ASBG comments on the EPA's Illegal Dumping Strategy included:

  • The Strategy avoided discussing high costs of disposal as a main cause of  illegal dumping.  High gate fees are generally the result of the waste levy and tight regulatory controls, which could be lowered.
  • Better enforcement is required but there are gaps in the Regional Illegal Dumping Squads areas across NSW, especially in the greater Sydney area.
  • Illegal dumping was poorly defined with the Strategy limited to only publically accessible land, ignoring private lands and other illegal disposals.
  • Victims of illegal dumping are often required to pay for cleanup costs, of which there is no victim support, for individuals and for businesses.


This submission was lodged to Queensland Treasury, which proposes its own Tailored Solution with two surety funds to cover the risks of existing and future mines rehabilitation should a mine become insolvent or similar.  In effect, Queensland Treasury is to become the Financial Assurance 'underwriter', but based on the $167m fund.  ASBG commented that this approach for mines would not fit with other industry sectors for a number of reasons.  Also the US Superfund is an example of what issues can arise when government takes on contaminated land risk, has many lessons to learn from.  ASBG offers a number of improvement areas for consideration.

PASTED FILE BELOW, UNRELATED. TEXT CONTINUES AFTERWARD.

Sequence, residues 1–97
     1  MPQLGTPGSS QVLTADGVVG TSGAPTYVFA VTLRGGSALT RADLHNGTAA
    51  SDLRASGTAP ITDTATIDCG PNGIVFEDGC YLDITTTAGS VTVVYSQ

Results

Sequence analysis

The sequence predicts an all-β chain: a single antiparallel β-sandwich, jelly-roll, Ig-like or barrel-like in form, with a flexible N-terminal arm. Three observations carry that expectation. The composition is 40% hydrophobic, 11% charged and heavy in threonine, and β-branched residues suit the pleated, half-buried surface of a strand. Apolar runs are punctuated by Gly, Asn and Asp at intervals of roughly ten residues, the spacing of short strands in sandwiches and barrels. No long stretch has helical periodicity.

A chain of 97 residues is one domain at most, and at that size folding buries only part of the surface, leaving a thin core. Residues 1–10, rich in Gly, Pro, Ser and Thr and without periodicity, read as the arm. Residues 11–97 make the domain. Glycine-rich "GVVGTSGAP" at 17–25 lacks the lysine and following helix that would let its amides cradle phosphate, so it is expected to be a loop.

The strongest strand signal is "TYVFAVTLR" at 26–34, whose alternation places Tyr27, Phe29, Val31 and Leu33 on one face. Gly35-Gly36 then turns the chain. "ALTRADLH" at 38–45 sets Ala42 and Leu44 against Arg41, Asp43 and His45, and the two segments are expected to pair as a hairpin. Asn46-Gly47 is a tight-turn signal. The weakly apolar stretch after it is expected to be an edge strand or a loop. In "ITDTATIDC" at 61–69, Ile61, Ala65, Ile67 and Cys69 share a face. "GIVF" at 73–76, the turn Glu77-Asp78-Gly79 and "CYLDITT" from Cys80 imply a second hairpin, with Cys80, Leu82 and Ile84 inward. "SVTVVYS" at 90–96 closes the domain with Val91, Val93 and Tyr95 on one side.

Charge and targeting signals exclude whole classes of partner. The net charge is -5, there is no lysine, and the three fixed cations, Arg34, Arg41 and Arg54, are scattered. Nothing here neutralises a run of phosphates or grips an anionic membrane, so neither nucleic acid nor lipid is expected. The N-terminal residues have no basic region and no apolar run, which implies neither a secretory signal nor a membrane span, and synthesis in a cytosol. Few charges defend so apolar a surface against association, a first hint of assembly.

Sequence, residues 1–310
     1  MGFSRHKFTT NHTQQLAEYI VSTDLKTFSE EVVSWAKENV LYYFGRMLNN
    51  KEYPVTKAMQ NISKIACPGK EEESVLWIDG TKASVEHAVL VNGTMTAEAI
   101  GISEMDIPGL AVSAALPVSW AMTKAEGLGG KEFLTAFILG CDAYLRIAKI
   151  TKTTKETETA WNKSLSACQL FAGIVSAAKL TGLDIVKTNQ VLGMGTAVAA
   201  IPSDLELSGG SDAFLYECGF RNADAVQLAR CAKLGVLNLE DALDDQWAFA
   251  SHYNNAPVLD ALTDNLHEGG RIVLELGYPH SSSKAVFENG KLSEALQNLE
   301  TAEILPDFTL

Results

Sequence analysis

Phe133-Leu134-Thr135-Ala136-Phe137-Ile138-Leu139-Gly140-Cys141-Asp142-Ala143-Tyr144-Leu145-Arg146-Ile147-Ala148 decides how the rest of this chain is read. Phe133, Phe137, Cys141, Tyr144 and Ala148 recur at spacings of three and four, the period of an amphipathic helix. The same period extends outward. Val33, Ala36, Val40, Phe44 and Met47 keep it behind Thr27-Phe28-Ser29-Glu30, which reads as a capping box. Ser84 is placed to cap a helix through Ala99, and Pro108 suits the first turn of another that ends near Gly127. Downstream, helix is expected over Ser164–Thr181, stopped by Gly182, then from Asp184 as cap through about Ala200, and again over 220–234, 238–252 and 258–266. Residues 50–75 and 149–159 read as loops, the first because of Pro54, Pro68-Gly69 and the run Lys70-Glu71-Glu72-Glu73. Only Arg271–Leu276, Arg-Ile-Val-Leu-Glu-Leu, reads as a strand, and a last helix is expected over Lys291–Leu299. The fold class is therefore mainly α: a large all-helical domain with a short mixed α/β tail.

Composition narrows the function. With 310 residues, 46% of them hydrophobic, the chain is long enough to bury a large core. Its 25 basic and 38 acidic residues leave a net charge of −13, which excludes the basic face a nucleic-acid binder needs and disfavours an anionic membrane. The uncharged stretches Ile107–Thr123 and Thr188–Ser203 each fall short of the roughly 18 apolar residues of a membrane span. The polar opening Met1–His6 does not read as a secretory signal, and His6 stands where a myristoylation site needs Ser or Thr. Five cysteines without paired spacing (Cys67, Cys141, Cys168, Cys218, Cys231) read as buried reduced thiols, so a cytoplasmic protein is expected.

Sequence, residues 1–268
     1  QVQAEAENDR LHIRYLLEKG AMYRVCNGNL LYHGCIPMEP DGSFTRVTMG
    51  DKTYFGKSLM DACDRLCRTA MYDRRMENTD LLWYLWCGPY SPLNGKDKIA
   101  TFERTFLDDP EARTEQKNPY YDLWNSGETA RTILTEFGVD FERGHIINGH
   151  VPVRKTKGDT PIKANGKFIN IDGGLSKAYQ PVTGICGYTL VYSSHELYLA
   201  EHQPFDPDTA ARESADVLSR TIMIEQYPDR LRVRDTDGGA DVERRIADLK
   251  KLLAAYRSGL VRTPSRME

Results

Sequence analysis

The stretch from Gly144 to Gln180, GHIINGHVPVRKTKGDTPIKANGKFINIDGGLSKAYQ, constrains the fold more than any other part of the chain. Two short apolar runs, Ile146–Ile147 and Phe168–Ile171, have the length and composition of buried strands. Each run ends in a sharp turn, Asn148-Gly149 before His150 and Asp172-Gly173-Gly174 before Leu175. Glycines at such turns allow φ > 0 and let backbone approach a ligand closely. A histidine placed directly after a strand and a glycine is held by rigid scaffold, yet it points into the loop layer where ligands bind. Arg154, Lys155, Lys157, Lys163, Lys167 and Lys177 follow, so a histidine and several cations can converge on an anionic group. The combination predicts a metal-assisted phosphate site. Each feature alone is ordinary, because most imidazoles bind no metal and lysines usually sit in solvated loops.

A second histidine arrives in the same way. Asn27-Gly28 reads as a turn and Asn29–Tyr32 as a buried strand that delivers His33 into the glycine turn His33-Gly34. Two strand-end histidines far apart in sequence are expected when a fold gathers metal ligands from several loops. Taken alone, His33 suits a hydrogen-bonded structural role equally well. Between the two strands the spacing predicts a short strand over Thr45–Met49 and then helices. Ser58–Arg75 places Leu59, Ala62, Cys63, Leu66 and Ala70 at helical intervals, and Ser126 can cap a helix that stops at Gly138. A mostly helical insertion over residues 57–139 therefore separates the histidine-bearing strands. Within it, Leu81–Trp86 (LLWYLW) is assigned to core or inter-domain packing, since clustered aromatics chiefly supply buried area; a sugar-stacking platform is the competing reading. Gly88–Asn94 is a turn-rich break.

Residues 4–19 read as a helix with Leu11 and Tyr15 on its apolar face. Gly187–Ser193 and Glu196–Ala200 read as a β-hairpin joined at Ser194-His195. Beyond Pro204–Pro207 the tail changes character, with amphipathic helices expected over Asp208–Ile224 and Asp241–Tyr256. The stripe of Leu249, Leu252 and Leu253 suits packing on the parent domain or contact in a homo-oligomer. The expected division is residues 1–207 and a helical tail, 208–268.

ASBG's Submission on the Child Care Facility SEPP raised concerns on the possible siting of Child Care Facilities (CCF) in industrial zones.  While the SEPP does assist in better controlling CCFs being located even in heavy industrial zones, and considers existing industrial users, it fails to consider future industrial development or future site remediation.  ASBG recommended that CCFs should not be located in IN1 and IN3, General and Heavy industrial zones due to land use conflicts and health impacts on children.  While it may be possible to engineer a CCF to protect it from industrial emissions, the reliability of that protection and the costs would make it a poor choice.  Even then environmental controls currently do not consider such barriers that a CCF could employ leading to a land use conflict.

ASBG has written to the Minister following the release of the EPA's Approved Methods 2016 version.  At issue is the inclusion of the Ambient Air Quality NEPM criteria to be applied to individual sites at the closest receptor.  The prior Minister Mr Speakman promised at an ASBG Breakfast in July 2015 that this would not occur, yet it has.

ASBG's Submission largely focuses on improving the efficiency of achieving better air quality, as well as considering air pollution’s impacts in perspective with other issues. ASBG has identified a number of issues including:

  • Erroneous use of the term No safe level, but should be put into a risk based perspective with contextual information. Use of no safe level implies that only a zero emission is acceptable, which carries considerable cost impacts. Overspending on one health issue can deplete other areas, which can lead to poorer heath and other outcomes.
  • Focusing on the main sources of air pollution, which should include an evidence, scientific risk-based approach. Managing the most stressed air pollution locations and focusing controls on the major sources should be the adopted approach; however, this is not always the case.

    Download the full submission below.

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